Leslie: One of the things that we, that Clint and I say often to each other is you promote what you tolerate and so when we find something like that happening on the team with somebody, we have to be quick to address it or else it can spread. So if it is somebody who is already on the team, we will sit down with them right away. Immediately, that cannot be put off at all, and we will talk with them about it, we will have some really direct conversation and also kind of help them process where that coming from is. Why is that, where did that entitlement come from and just kind of maybe—

Troy Maxwell: So you are looking for something that is underlying.

Leslie: Oh absolutely. 

Troy Maxwell: Trying to help them right 

Leslie: Absolutely yes because we love them.

Troy Maxwell: Ultimately, we are called to pastor our team.  It is more; it is not just about the experience on the weekend. That is a byproduct of the health of our team and so Leslie what I hear you saying is that in that moment, you are looking to pastor the person to say I care about you enough to be honest to speak the truth. What is going on here? 

Leslie: That is if somebody is already on our team and that comes up so, we definitely want to address that right away. Coming into the church though we try to take our time with people, time reveals a lot.

Troy Maxwell: What does it look like when you say take your time, so somebody comes in, and they go you know I was on American Idol. I am the greatest singer you have ever heard. I led worship at the last church, I can sing like an angel and they can. So what happens? Give us some practical things, I am just thinking about this and I know we do a really good; you guys do a phenomenal job at this, at processing this. So how do you take somebody from the door to the platform? What does it look like?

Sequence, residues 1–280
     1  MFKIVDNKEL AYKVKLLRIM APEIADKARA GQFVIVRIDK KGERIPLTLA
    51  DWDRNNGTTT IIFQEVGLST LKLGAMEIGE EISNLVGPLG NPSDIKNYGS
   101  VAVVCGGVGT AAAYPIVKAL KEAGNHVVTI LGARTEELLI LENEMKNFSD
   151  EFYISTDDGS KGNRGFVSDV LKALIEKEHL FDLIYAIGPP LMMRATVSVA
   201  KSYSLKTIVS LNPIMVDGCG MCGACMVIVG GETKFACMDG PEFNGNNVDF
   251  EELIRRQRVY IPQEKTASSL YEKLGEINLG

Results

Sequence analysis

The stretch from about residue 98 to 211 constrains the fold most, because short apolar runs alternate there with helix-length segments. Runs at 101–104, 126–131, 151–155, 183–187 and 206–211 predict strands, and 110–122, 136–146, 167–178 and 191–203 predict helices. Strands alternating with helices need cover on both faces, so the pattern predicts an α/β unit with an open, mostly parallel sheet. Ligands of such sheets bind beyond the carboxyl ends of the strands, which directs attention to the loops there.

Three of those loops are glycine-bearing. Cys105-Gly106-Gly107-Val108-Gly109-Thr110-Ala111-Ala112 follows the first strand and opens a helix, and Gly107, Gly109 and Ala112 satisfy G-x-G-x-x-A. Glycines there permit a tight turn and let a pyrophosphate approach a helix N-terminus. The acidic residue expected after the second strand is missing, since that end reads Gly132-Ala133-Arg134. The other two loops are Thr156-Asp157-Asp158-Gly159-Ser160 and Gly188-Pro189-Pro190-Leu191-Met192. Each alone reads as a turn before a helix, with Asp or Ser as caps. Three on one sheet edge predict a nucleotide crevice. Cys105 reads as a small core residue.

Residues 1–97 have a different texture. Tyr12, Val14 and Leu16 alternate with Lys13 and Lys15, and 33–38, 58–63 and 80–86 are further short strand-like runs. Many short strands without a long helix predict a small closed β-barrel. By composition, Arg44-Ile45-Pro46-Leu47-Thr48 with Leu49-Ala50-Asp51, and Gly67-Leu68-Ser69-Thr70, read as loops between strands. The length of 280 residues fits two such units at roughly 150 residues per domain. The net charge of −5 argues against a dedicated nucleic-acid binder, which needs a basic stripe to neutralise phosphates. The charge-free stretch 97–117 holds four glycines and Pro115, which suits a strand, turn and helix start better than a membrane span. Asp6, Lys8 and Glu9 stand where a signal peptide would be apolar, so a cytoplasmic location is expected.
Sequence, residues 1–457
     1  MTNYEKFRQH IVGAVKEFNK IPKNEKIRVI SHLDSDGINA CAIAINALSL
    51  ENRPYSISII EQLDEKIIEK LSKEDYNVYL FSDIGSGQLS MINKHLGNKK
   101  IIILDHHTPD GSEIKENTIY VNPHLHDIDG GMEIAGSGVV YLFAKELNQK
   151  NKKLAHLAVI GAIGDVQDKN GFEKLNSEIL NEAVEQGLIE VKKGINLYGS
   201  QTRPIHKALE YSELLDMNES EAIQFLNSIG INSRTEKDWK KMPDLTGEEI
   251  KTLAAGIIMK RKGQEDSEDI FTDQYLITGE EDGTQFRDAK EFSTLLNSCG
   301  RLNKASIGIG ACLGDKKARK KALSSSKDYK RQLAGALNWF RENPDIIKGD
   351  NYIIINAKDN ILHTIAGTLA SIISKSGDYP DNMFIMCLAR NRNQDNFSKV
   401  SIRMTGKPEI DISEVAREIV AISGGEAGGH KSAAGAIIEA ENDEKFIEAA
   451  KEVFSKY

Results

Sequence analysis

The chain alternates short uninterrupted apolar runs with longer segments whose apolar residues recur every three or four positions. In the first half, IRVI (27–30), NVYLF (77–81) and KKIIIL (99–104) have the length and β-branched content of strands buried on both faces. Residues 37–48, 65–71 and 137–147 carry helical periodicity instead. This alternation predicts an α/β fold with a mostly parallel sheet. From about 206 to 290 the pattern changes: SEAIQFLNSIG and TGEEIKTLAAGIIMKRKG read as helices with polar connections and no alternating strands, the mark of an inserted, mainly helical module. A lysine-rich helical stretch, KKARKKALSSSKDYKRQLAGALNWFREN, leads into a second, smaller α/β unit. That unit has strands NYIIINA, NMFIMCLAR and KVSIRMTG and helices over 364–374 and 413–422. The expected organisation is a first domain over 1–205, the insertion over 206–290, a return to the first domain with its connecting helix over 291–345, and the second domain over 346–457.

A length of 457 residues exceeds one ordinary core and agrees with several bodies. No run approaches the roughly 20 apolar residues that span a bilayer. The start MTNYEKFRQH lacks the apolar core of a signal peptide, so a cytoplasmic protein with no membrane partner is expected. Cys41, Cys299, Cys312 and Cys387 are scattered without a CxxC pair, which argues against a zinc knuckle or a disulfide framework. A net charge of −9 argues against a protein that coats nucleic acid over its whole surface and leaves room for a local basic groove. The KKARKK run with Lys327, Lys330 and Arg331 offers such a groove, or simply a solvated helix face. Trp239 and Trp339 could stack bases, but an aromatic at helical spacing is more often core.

Leslie:  Well if somebody comes in and says hey I want to be a part of the worship team, what we 1st and foremost do is we have them fill out just an application online that helps us get to know them a bit better. What is your actual experience like, what is your story and a little more like that. How long have you been at freedom house—?

Clint: Are you serving on another team.

Troy Maxwell:  You do that, do you think somebody needs to be serving on the other team before they can actually be on the platform. 

Leslie: We do not always require that simply because it is a case-by-case basis and so there is not a standard you have to. Relationship is really a big thing for us, so someone could have been serving somewhere else for a long time, and we still do not know whom they are. So we ask more about them, we have we go ahead and have them do some video auditions because it doesn’t hurt to get a video audition but—

Troy Maxwell: A YouTube video or just something on their phone.